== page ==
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“Everything was in chaos.”
“I’d never seen anything that destructive that close up.”
In 1964, Alaska was shaken by the largest U.S. earthquake ever recorded: Magnitude 9.2.
Narrator: In 1964, scientists did not understand how or why it occurred.
Narrator: Immediately, three U.S. Geological Survey scientists were sent to figure it out.
There were no faults at the surface to explain it. Even with months of careful observation and field work the cause of the quake remained a mystery.
Until one of the scientists, geologist George Plafker, considered the quake in terms of the newly forming theory of plate tectonics. His realization changed our understanding of these great earthquakes.
“…the oceanic crust is being pushed underneath that part of southern Alaska at a very low angle and there was slip on this, on the interface between the oceanic crust and the overlying continental crust. “
These two crusts are converging at the dramatic rate of an inch and a half each year. Periodic slip between the crusts produces great quakes, which Plafker called “megathrust” earthquakes. Scientists now recognize the distinctive patterns of uplift and downdrop at the earth’s surface characteristic of these quakes.
“One of the obvious things that everybody wants to know when you have an earthquake like this is how frequently do they occur? Could you have one tomorrow or is it thousands of years?”
By drilling 50 feet into the earth and taking core samples, Plafker and his team discovered nine megathrust earthquakes had occurred in south central Alaska over the past 5,500 years. The average time span between these quakes is 630 years.
The 1964 Great Alaska Earthquake was accompanied by massive tsunamis. Within minutes one created a wave 20 stories high in parts of Alaska. Some travelled across the Pacific wreaking havoc in coastal Oregon, California, and Hawaii.
The widespread damage and loss of life from this earthquake led to a determination to use science to save lives in the future.
“South central Alaska here is the infrastructure center of the state and it’s also by far the largest population center of the state. And the work that we do involves basically….the fundamental characterizing of the earthquake hazard and knowing which faults are active, which faults can produce earthquakes, understanding how often these earthquakes occur. And then another part is understanding the local tsunami hazard.
Legacies from the 1964 Great Alaska Earthquake include: - The USGS Earthquake Hazards Program. – NOAA’s round-the-clock Tsunami Warning Centers. – The Advanced National Seismic System, resulting in Seismic Hazard Maps and improved building codes.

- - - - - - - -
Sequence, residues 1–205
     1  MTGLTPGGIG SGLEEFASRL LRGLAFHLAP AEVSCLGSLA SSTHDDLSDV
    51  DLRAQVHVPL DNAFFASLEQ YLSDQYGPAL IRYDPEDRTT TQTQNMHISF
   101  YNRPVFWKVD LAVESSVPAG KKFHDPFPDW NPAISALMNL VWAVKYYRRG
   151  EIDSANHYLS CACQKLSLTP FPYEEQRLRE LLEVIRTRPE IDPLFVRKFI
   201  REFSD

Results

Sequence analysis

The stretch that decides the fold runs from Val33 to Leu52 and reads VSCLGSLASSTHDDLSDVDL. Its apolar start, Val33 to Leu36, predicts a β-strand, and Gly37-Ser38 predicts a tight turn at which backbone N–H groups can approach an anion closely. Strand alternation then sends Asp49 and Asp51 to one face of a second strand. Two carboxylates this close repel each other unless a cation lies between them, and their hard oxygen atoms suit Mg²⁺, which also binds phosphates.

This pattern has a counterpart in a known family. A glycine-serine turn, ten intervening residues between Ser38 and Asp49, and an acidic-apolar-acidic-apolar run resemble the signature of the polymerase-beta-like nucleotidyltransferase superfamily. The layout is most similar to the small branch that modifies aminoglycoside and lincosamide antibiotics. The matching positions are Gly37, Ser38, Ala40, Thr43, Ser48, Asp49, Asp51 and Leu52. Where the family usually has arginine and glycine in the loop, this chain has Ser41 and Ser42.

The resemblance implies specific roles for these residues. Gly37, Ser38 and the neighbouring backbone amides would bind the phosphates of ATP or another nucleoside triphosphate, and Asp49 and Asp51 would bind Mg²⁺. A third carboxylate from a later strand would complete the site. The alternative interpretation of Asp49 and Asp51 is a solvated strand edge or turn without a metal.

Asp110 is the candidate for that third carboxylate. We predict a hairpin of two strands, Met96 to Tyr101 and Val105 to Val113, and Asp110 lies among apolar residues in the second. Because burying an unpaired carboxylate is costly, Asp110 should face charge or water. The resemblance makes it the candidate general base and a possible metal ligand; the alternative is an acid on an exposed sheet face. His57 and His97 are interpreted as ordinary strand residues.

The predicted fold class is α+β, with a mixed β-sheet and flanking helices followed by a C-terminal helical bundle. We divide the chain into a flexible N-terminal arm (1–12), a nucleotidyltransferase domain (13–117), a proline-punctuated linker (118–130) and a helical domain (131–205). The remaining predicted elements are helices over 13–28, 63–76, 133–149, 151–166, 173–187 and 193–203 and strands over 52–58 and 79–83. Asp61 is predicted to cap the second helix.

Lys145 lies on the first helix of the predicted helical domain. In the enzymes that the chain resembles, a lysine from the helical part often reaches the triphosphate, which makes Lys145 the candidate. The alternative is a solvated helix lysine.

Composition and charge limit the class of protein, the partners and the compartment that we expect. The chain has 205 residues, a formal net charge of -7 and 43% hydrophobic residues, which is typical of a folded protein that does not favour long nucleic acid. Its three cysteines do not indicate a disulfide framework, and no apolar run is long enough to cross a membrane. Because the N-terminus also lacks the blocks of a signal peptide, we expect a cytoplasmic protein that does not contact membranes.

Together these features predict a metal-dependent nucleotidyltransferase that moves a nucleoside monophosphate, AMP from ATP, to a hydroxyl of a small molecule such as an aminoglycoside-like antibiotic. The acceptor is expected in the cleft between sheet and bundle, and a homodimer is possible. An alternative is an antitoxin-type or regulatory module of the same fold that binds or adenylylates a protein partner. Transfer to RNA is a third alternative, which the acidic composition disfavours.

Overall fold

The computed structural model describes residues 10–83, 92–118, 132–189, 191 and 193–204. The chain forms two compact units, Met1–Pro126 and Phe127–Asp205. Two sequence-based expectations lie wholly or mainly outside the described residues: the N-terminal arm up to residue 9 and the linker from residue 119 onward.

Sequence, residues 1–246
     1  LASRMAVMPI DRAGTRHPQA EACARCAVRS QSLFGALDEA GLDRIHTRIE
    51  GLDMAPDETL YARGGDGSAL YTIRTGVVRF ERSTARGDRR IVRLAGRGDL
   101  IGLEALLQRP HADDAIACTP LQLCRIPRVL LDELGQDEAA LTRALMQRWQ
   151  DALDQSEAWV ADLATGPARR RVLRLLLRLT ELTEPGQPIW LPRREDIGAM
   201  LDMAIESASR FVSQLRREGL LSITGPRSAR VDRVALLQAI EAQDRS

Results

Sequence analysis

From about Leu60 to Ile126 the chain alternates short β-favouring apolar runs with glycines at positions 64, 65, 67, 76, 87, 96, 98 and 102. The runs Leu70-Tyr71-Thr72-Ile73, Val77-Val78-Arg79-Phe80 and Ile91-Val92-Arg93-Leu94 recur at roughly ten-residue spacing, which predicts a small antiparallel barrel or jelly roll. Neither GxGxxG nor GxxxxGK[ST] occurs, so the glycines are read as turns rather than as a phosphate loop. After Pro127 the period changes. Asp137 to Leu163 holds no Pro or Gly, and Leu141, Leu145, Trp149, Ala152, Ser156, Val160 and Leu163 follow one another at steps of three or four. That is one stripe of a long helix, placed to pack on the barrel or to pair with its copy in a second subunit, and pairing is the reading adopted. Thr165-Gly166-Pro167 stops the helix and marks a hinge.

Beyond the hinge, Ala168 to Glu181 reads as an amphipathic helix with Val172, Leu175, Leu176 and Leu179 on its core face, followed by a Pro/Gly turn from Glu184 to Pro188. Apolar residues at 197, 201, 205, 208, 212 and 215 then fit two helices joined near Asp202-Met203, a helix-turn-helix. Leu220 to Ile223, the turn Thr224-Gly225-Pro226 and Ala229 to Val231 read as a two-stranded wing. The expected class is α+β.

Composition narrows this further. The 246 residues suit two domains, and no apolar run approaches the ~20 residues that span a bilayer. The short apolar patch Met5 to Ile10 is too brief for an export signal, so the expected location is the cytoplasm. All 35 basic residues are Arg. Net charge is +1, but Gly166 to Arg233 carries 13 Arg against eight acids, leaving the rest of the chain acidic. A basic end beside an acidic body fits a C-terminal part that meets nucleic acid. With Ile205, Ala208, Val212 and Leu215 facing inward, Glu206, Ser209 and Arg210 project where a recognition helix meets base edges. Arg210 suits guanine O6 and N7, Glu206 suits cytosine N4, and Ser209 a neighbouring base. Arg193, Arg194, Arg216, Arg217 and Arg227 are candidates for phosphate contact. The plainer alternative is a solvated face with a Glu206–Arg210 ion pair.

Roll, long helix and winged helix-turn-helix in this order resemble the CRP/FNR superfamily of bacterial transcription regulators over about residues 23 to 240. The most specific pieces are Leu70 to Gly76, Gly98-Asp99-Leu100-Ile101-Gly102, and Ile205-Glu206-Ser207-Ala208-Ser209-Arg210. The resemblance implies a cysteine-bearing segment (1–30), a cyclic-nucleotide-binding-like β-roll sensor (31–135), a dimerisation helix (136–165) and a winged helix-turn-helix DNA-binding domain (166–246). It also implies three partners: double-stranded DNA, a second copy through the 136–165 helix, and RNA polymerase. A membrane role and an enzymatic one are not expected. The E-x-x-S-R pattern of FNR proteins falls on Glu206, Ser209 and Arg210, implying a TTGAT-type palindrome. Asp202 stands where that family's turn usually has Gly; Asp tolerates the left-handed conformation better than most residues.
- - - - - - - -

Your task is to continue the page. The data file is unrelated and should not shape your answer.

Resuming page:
All together, these programs can help predict strong ground motions from future earthquakes, and minimize risks. For one example, scientists learned that Valdez was so unstable and at such risk for earthquakes that the town was moved.
The 1964 Great Alaska Earthquake changed our understanding of quakes and tsunamis and had a profound and lasting impact on how scientific knowledge can be used to help.
Title: Magnitude 9.2: The 1964 Great Alaska Earthquake
Magnitude 9.2: The 1964 Great Alaska Earthquake is a short video relating how the largest quake in U.S. history had profound and lasting impacts on our lives. The video features USGS geologist George Plafker who, in the 1960’s, correctly interpreted the quake as a subduction zone event. This was a great leap forward in resolving key mechanisms of the developing theory of plate tectonics. Loss of life and destruction from the quake and accompanying tsunamis was the impetus for things like the NOAA Tsunami Warning Centers and the USGS Earthquake Hazards Program.
Location: Anchorage, AK, USA
Date Taken: 1/2/2014
Video Producer: Stephen M. Wessells , U.S. Geological Survey
Note: This video has been released into the public domain by the U.S. Geological Survey for use in its entirety. Some videos may contain pieces of copyrighted material. If you wish to use a portion of the video for any purpose, other than for resharing/reposting the video in its entirety, please contact the Video Producer/Videographer listed with this video. Please refer to the USGS Copyright section for how to credit this video.
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Produced by: USGS
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